Full Extension Drawer Glides – On the House

Full Extension Drawer Glides

By on November 21, 2015

Through the years we have discovered that many folks choose cabinets for their kitchen or bath based on appearance only – you know – wood specie, stain color and door style. Well, appearance is certainly an important factor, but there are several other aspects of cabinet construction which are equally important.

Regardless of the type of wood, stain color or door style there is another factor that can greatly affect cabinet cost – specifically door drawer configuration. There are three basic combinations: 1) door(s) only, 2) door and drawer, and 3) drawers only. Where a door can be made from a single piece of wood, even the least expensive drawer must be constructed from at least five pieces of wood – a front, a back, sides and a bottom. In addition, the hardware used to mount a drawer is more expensive than the hinges used to mount a door. Therefore, a door only cabinet is less expensive to create than one with a door and a drawer, and a cabinet with a bank of drawers is more expensive than both.

How good a cabinet looks doesn’t necessarily indicate its durability or lasting quality — especially when it comes to drawers. Did you ever open a drawer that rubbed, squeaked, wiggled or just plain wouldn’t open or close easily? Our guess is that if you have ever had such an experience you absolutely did not care how pretty the cabinet was – and that you simply wanted the drawer to slide smoothly and not fall out of the cabinet when it is opened all the way.

By the way, not all drawers open completely. That is, some types of drawer hardware prevent the back of the drawer from being pulled out all the way to the face of the cabinet. In the past you may have thought that the failure of a drawer to open completely was just a fact of life – not really! When “full extension” drawer glide hardware is used the drawer can be fully opened. That is the back of the drawer is completely visible when the drawer is fully opened. That’s the good news. Unfortunately, there is some bad news, full extension drawer glides are more expensive than the regular kind. Oh, but what a difference! Smooth, roller bearing operation, easy to remove drawers that don’t stick or rub and strong enough for the grandkids to hang on to. It is important to keep the hardware in mind when shopping for new cabinets.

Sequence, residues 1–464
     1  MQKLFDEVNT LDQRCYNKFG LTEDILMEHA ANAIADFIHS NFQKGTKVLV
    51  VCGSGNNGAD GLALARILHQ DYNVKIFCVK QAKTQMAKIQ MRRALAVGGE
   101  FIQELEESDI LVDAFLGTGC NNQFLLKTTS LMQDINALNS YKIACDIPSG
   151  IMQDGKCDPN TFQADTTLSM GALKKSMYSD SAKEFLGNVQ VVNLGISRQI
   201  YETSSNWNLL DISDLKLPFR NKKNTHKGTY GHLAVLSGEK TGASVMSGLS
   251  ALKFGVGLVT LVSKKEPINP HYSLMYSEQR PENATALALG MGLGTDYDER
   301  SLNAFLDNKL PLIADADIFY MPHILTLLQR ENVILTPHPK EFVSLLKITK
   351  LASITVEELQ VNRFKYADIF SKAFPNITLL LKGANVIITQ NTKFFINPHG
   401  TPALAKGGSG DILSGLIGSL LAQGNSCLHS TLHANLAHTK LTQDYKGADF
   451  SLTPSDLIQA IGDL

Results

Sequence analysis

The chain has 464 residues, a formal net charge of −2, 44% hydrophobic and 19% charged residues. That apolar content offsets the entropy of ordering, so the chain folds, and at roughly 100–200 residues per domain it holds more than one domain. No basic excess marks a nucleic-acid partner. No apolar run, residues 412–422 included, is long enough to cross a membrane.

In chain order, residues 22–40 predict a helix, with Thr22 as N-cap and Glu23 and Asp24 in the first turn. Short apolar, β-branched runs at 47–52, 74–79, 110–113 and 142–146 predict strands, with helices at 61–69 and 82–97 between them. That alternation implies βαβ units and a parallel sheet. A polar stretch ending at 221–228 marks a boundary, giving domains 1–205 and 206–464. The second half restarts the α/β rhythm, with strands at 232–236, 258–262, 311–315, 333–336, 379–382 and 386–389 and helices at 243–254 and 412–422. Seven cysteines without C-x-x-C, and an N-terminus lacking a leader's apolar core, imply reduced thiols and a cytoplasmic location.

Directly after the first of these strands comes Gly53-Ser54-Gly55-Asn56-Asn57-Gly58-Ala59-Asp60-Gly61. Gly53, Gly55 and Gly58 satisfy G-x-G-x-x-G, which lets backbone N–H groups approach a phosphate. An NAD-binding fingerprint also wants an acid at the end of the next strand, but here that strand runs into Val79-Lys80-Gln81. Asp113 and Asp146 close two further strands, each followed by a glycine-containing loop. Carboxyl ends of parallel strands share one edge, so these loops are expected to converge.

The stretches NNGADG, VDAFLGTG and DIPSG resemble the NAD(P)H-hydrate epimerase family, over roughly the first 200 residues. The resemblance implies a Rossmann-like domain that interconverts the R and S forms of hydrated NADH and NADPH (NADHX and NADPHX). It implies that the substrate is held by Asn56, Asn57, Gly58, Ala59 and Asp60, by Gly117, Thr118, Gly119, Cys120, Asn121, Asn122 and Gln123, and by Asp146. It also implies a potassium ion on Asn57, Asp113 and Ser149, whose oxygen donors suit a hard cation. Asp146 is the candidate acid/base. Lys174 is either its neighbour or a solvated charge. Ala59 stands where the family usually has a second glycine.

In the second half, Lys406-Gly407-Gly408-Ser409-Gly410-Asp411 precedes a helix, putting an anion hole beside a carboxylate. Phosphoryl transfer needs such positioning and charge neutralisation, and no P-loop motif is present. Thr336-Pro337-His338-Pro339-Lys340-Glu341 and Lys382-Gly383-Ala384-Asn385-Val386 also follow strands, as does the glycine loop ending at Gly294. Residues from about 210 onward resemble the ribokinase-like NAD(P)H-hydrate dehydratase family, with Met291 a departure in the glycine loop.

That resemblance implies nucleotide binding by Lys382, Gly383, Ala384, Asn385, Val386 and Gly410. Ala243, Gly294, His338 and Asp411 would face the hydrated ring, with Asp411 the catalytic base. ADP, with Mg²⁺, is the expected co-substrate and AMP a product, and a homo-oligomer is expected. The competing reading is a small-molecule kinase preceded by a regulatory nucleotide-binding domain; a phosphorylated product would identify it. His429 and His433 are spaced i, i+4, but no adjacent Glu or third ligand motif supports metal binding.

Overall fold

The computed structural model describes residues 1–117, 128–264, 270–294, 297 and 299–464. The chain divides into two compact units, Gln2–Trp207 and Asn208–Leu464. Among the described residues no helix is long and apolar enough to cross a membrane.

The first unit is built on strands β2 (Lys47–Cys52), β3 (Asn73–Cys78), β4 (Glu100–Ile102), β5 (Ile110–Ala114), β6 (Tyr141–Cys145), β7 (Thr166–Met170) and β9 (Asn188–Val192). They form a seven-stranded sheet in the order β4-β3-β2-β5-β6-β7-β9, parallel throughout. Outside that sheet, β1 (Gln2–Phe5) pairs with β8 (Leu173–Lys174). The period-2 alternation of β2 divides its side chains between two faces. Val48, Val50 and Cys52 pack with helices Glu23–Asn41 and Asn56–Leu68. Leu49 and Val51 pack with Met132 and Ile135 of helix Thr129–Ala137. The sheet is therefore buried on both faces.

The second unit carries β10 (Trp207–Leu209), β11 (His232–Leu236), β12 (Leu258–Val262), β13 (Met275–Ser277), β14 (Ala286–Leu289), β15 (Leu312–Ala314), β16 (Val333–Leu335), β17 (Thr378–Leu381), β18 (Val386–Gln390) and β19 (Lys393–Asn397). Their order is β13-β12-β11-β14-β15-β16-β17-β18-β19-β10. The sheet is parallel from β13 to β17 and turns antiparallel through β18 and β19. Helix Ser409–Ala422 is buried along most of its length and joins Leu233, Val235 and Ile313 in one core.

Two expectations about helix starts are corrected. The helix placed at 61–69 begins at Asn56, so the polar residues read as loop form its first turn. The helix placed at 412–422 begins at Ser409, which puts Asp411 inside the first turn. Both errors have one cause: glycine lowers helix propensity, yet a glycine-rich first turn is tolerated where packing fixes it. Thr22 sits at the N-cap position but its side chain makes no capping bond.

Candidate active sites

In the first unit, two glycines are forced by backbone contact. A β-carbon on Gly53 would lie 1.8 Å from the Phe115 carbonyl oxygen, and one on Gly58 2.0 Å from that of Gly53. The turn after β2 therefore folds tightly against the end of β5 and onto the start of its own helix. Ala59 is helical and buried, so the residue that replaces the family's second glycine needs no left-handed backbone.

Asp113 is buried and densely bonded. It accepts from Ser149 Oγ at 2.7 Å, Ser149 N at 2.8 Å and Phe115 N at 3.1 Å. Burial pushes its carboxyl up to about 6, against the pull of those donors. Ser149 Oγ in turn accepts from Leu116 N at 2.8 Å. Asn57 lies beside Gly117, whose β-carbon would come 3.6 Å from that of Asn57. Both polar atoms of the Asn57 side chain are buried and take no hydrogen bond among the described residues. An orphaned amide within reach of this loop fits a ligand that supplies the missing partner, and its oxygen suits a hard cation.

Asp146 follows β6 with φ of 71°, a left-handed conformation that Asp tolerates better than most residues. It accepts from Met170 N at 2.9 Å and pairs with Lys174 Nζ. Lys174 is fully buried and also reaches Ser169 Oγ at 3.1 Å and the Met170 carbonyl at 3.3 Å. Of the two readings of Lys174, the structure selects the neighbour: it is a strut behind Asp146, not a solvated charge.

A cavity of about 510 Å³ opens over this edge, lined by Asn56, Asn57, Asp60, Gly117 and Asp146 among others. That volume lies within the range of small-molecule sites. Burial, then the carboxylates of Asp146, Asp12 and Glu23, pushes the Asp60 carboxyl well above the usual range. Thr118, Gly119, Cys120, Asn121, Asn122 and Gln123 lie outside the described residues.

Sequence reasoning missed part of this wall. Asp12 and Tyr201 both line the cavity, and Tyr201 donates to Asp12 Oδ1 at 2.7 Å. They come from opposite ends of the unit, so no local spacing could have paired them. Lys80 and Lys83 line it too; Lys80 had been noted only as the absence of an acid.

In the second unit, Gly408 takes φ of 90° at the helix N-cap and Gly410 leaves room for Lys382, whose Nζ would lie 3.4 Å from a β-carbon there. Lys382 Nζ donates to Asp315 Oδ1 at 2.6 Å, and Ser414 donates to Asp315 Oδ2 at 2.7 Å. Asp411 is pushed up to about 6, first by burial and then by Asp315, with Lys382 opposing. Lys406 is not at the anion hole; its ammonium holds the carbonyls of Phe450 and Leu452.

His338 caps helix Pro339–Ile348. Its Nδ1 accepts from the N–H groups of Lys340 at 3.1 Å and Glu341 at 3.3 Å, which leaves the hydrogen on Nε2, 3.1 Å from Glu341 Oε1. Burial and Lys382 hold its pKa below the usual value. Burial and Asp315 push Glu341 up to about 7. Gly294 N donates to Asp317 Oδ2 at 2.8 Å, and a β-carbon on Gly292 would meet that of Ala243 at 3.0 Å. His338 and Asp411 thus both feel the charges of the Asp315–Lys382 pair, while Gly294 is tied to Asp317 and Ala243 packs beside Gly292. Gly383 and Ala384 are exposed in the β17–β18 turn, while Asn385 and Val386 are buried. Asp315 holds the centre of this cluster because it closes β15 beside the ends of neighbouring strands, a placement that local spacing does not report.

If you already have cabinets and want to upgrade to full extension hardware, don’t be shy. If there isn’t a handy person in your castle then call in a cabinet maker or a handy man. The task is definitely time consuming, but it is definitely is not brain surgery.

Not every drawer can be easily upgraded. In some cabinet configurations upgrading could require complete drawer replacement. In any event, we will assume that your cabinet has the half inch of space required between the outside of the drawer and the side of the drawer opening. This means that the drawer opening must be a minimum of one inch wider than the drawer.

Also, mounting boards will have to be installed inside the cabinet on either side of each drawer. A one by three or one by four piece of pine normally is used, and runs from the drawer opening to the back of the cabinet. Pine is reasonably easy to work with, reasonably priced and readily available. Plywood can work, but is not recommended. Also, to insure adequate strength, we recommend against using particle board.

Each full extension drawer glide comes in two pieces. One piece attaches to the drawer and the other attaches to the mounting board — one on each mounting board and one on each side of the drawer. There is almost no room for error when it comes to the space between the drawer and the mounting boards. Also, the mounting boards must be parallel to each other and perpendicular to the face of the cabinet – a framing square can help here.
It is important to mount the drawer as low as possible – without causing the bottom of the drawer to rub against the bottom of the opening. This maximizes what can be stored between the inside of the drawer and the top of the opening.

Although the procedure we have described is possible to perform with countertops in place, mounting board installation and alignment is considerably more easy to accomplish when the countertop has been removed. The additional access can actually turn a two-week job into a two day project. In a cabinet shop, the track mounting boards are the last of the internal items to be installed. A trick cabinet makers use is to install the mounting boards into the cabinet case while they are attached to the drawer via the hardware. While holding the drawer in the closed position the mounting boards are attached to the casework.

For more home improvement tips and information search our website or call our listener line any time at 1-800-737-2474! All you need to do is leave your name, telephone number and your question.

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